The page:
The cultural cleavage also reflects something Tocqueville did not anticipate--a real regional split about religion.  Now Tocqueville was very struck by the great variety of religious sects in the United States, but he noted that atheists appeared to be very unusual, and that they tended to keep to themselves.  Moreover, virtually every religion concentrated on maintaining its religious rights while disclaiming any desire to influence the political world--a difference from Europe that he much admired.  All this has changed too. We are divided into an irreligious party in the blue states on the one hand, and a militantly religious one that argues for the supremacy of religion in politics on the other.  That too has deprived us of the kind of majority opinion Tocqueville found.

But more importantly, perhaps, we suffer from two of the obstacles to effective democratic government that Tocqueville identified, and which he envied the United States for having escaped.  The first, of course, is economic inequality, which in the last 40 years has increased rapidly and has now reached literally unprecedented heights, with no end in sight.  I shall return to this point in a moment.  And the second is that the US has been, for about a century, one of the leading--if not the leading--world power, exercising military force and diplomatic influence in every corner of the globe.  In the 1830s Tocqueville argued that the US combined the advantages of large and small nations, since our isolation from the great powers allowed us to do without large armies or navies, and the ambition for glory among our leading men which foreign adventures tends to stimulate.  Today we are stuck with a bipartisan foreign policy establishment absolutely committed to the idea that the United States has both a right and a duty to impose its will all over the world.  And that has corrupted our democracy in a thousand ways since the time of the Cold War, just as many isolationists warned that it would when the United States first stepped onto the world stage around 1900.

The kind of democracy Tocqueville describes requires a sense of national community that we have lost for other reasons.  He saw the nation as an Anglo-American nation in the 1830s, when that was beginning to change.  It changed much more, of course, as a result of new waves of immigration in the 1840s, the late nineteenth and early twentieth centuries, and the late twentieth century.  The great national enterprises of the Civil War and the Second World War recreated new national communities and integrated many of the immigrants into our political body. They also created new consensus on critical issues.  But we have not gone through anything similar in my lifetime, and it does not look as if we are about to do so.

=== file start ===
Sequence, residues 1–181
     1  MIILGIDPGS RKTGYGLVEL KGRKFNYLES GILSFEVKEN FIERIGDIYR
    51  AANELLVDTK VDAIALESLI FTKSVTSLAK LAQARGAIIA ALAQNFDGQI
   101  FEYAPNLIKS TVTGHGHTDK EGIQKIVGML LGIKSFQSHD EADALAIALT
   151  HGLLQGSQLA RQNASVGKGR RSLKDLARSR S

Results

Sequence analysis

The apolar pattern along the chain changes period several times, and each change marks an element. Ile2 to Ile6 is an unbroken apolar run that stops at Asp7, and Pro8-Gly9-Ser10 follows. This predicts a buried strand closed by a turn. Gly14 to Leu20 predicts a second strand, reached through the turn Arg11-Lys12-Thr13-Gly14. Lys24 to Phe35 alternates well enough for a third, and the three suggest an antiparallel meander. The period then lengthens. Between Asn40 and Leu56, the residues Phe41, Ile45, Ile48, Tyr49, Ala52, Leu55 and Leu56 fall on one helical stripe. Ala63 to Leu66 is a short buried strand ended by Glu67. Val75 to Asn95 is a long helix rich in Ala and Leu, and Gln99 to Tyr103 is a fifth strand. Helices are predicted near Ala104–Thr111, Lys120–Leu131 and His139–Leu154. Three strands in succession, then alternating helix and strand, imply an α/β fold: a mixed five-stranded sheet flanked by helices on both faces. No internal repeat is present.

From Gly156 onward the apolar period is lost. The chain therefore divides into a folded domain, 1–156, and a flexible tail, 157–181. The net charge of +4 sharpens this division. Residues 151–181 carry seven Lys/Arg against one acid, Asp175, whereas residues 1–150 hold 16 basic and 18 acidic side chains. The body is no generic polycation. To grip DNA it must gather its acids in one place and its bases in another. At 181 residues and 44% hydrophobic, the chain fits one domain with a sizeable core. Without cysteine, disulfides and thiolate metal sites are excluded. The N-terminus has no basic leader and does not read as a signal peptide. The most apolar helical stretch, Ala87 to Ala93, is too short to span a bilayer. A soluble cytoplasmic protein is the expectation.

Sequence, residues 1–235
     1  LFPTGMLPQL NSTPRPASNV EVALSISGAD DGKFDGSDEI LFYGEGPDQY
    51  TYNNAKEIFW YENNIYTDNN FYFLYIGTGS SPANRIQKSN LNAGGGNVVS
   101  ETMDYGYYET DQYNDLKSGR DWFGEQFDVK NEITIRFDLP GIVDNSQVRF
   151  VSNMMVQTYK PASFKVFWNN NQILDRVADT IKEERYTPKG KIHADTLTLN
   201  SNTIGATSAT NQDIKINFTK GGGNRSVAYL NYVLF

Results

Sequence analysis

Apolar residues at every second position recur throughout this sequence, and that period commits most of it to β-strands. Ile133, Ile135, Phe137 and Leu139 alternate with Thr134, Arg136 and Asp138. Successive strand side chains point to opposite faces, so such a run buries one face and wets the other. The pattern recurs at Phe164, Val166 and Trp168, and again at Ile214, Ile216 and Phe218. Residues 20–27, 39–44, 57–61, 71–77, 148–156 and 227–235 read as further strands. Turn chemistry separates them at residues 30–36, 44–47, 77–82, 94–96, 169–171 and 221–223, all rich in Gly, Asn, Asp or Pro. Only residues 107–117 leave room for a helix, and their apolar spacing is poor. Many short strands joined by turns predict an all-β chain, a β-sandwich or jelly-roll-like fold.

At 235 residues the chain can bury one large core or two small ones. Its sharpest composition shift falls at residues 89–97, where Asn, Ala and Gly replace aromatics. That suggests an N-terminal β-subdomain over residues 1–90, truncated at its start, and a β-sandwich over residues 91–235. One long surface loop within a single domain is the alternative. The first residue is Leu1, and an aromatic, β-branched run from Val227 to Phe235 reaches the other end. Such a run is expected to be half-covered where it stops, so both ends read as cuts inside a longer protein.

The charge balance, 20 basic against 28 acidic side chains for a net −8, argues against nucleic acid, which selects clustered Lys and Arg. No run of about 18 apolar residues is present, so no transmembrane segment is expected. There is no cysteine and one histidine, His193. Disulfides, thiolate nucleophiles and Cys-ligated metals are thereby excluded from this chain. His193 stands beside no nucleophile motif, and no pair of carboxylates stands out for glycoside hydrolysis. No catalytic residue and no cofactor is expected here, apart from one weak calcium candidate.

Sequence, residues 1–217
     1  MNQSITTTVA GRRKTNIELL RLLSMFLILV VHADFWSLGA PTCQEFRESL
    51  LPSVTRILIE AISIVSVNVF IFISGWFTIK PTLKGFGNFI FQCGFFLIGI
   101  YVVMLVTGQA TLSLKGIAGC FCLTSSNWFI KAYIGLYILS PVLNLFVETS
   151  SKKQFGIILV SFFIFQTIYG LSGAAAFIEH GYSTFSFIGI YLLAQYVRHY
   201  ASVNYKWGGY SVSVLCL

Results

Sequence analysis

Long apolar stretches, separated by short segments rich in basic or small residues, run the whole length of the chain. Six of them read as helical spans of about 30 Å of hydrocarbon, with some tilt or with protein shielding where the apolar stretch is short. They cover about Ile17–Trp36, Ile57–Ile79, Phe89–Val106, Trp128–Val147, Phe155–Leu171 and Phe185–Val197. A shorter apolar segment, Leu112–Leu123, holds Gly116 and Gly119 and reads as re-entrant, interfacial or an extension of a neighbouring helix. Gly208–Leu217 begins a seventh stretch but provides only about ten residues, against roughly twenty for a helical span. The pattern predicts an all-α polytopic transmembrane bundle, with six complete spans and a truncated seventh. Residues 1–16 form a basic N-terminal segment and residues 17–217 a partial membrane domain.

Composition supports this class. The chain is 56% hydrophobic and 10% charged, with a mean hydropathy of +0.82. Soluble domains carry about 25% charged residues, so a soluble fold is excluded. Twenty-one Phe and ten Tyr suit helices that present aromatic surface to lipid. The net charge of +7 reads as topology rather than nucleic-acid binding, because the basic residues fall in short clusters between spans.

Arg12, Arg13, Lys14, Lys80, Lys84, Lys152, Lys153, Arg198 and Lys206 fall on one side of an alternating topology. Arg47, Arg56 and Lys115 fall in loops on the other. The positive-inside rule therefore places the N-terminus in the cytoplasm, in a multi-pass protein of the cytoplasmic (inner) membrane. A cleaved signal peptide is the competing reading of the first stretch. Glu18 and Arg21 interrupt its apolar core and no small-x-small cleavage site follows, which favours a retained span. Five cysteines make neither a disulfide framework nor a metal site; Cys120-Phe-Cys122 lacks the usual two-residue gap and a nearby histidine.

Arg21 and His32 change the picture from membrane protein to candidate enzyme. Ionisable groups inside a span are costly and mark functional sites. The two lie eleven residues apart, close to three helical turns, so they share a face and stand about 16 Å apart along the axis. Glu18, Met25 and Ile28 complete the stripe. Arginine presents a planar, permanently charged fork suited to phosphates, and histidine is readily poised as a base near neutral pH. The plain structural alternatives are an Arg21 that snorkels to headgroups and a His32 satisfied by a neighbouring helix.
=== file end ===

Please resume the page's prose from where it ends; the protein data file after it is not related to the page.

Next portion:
What kind of government, then, do we have today, and what are the stakes of Tuesday's election?

In my opinion, a new kind of aristocracy has increasingly dominated the United States for a little over 100 years, and our politics are now dominated by competing aristocracies.  The political aristocracy that arose during the Progressive era and generally ruled the US, I would argue, from the New Deal through the 1970s or so, was largely an intellectual one.  While it certainly came from the and upper strata of our society, it was not primarily interested in money, and it rose to power and stayed in power in alliance with the working classes. Its leaders were the two Roosevelts, Woodrow Wilson, the elements of the east coast establishment that gave us our foreign policy elite.  It allied itself with labor unions and farmers, and eventually with the civil rights movement.  It was an open aristocracy, with room for descendants of Catholic and Jewish immigrants and for striving poor young men like Richard Nixon.  The Goldwater candidacy of 1964 represented the first overt revolt against its power, and Ronald Reagan brought that revolt to power in 1980.

Since around 1980, it seems to me, our politics have been a battle between competing aristocracies.  One one side are the highly educated professionals and our educational elite, who have become much richer, much less interested in the lives of poorer Americans, and increasingly focused on the rights of women, gays, and minorities.  (That has not prevented the Democratic elite, however, from collaborating enthusiastically in the mass incarceration of poor minorities, including poor women.)  On the other side are powerful rebels against the whole course of mid-twentieth century American life, who are particularly strong among the barons of the energy industry, but who include many other economic interests as well.  In a truly terrifying development, these two aristocracies, one Democratic and one Republican, have divided up the electorate largely based upon race and gender.  We still do not know what consequences this will have,. but I am afraid that they will be dire.

Now Tocqueville did not believe that the United States would become an aristocratic nation--but he was afraid that it might fall under a tyranny.  That, he felt, was the danger that came from the leveling of social distinctions--that there would be no intermediate powers to stand in the way of a despot, particularly if he were backed by the will of the majority.  Now the accusation of despotism was hurled in Tocqueville's day against Andrew Jackson, and it arose again in much sharper form against Lincoln and Franklin Roosevelt, and now against Barack Obama.  But I believe that on Tuesday we will face for the first time the real possibility of electing a despot--and largely because a large portion of our population has turned against our new aristocracies.